Mars dust won't bury Perseverance rover's rock sample tubes on Martian surface

a tube of cached rock material lying on martian rocks
The Perseverance rover deposits its first cache of Mars material to return to Earth on Dec. 21, 2022. (Image credit: NASA/JPL-Caltech/MSSS)

Neither dust nor wind nor dark of night will disturb new caches of precious Mars samples on the Red Planet.

This month, NASA's Perseverance rover has been dropping lightsaber-shaped caches of material on the surface of Mars to lie in wait as backup for a future sample-return mission. Perseverance collects two samples at each location and carries one set with it. If the rover can't bear the samples in its belly to a waiting spacecraft itself, two fetch helicopters will tote the backup surface tubes to the return rocket instead in the 2030s.

The epic NASA-European joint mission will allow researchers on Earth to scrutinize the tubed samples for signatures of life. Given the fetch mission isn't expected to land until the 2030s, however, officials at NASA's Jet Propulsion Laboratory said on Twitter that they've heard public concerns about wind or dust hurting the tubes, or making the caches difficult to retrieve.

"My team's not worried," the official Perseverance account tweeted (opens in new tab) Dec. 23, along with a series of evidence showing why the tubes won't travel far — and how NASA is tracking their deposit locations as the ultimate backup.

Related: 12 amazing photos from the Perseverance rover's 1st year on Mars

Unlike the fictional, powerful wind storm depicted at the start of "The Martian" (2015), the Red Planet has gentle gusts. Due to its thin atmosphere at only one-hundredth the pressure of Earth's at sea level, Mars wind largely is confined to picking up fine sand grains.

"Winds around here can pick up *speed,* but they don't pick up a lot of *stuff.* Think fast, but not strong," the Perseverance account tweeted. In practical terms, winds are not the threat for nuclear-powered missions like Perseverance. The NASA Curiosity rover, for example, is still running after 10 Earth years on Mars with only a thin layer of dust covering the machinery, the account noted.

That said, dust coverage on solar panels (like NASA's recently concluded InSight Mars lander mission) can pose a long-term threat to exploration, as they slowly choke off the supply to solar power — absent a lucky gust of wind. "It's spelled the eventual end of more than one solar-powered explorer," the Twitter thread noted of the dust.

Related: Can we save Mars robots from death by dust?

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Even for tubes that lie low on the surface, NASA expects they will be "easy to spot" based on examples like older footage from InSight. After four Earth years lying on the Red Planet ground, cables from InSight were admittedly dusty, but still recognizable.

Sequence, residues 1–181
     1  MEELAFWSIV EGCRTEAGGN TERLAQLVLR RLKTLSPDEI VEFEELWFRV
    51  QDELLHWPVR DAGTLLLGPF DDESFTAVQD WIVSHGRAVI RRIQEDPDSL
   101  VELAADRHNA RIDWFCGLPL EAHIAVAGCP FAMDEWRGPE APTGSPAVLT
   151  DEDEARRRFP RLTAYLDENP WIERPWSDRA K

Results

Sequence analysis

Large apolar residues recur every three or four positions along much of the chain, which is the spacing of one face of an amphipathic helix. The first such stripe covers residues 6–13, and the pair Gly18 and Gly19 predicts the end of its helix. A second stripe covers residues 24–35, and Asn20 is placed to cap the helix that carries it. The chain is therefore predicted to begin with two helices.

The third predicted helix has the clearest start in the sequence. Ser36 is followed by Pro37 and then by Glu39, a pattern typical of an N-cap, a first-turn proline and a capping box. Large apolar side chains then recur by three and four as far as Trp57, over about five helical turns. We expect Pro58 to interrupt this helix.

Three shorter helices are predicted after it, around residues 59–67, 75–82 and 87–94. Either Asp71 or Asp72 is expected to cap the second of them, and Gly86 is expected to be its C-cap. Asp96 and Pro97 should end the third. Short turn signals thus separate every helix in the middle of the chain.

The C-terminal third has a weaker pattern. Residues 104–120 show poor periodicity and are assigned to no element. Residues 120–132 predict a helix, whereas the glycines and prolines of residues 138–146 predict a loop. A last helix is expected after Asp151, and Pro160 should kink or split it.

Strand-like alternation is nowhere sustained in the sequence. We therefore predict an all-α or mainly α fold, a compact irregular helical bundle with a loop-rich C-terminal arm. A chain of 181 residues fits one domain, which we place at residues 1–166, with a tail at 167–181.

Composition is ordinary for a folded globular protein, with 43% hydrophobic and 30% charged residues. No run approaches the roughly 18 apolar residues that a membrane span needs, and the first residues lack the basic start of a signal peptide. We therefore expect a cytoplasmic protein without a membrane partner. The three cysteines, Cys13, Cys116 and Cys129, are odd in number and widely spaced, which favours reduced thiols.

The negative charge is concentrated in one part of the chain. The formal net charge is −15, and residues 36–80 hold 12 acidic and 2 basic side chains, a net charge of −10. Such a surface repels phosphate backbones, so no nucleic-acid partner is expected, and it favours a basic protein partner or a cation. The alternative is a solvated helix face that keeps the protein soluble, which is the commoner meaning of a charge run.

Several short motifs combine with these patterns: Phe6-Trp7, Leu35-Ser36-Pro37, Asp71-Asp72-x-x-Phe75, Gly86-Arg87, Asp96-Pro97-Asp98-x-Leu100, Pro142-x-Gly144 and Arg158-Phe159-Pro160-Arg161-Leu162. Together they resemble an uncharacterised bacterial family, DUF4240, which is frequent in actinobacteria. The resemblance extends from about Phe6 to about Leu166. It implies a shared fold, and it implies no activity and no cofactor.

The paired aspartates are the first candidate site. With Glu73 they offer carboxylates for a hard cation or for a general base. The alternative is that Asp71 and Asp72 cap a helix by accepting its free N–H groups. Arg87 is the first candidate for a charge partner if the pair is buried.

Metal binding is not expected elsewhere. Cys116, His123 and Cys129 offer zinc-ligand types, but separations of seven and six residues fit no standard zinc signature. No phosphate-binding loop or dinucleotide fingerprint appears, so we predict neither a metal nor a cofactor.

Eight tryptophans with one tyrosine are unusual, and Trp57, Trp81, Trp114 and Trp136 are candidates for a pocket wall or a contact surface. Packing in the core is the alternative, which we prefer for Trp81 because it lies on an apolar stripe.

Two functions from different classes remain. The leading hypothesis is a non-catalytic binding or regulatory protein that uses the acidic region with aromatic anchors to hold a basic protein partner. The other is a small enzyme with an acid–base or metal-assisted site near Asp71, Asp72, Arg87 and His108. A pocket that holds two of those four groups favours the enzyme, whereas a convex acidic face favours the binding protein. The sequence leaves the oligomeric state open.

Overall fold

"Not only do we expect the sample tubes not to be covered up," the Perseverance account tweeted alongside a map, "but I'm also very carefully documenting exactly where I put them down. So going back to them again later shouldn’t be an issue."

The backup mission is currently expected to arrive in nine years, or around 2031. Launch opportunities between Earth and Mars arise roughly every two years, giving several chances to send a mission out there before 2040 — assuming that funding for the sample return mission holds and technology development proceeds to plan.

Elizabeth Howell is the co-author of "Why Am I Taller (opens in new tab)?" (ECW Press, 2022; with Canadian astronaut Dave Williams), a book about space medicine. Follow her on Twitter @howellspace (opens in new tab). Follow us on Twitter @Spacedotcom (opens in new tab) or Facebook (opens in new tab).

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Elizabeth Howell
Staff Writer, Spaceflight

Elizabeth Howell, Ph.D., is a staff writer in the spaceflight channel since 2022. She was contributing writer for Space.com (opens in new tab) for 10 years before that, since 2012. Elizabeth's reporting includes an exclusive with Office of the Vice-President of the United States, speaking several times with the International Space Station, witnessing five human spaceflight launches on two continents, working inside a spacesuit, and participating in a simulated Mars mission. Her latest book, "Why Am I Taller?", is co-written with astronaut Dave Williams. Elizabeth holds a Ph.D. and M.Sc. in Space Studies from the University of North Dakota, a Bachelor of Journalism from Canada's Carleton University and (soon) a Bachelor of History from Athabasca University. Elizabeth is also a post-secondary instructor in communications and science since 2015. Elizabeth first got interested in space after watching the movie Apollo 13 in 1996, and still wants to be an astronaut someday. Mastodon: https://qoto.org/@howellspace

  • the1pope
    Ya know, for your landers, you don't have to add any new equipment to shake off the dust. Every once in a while, find a tall rock to climb onto or a steep incline, go forward or back fast (as it can) and hit the brakes. Anything to give it a jolt or jerk while sideways or leaning back or forward. Run into something on an incline. The momentum should shake something off. How hard would that be?
    Reply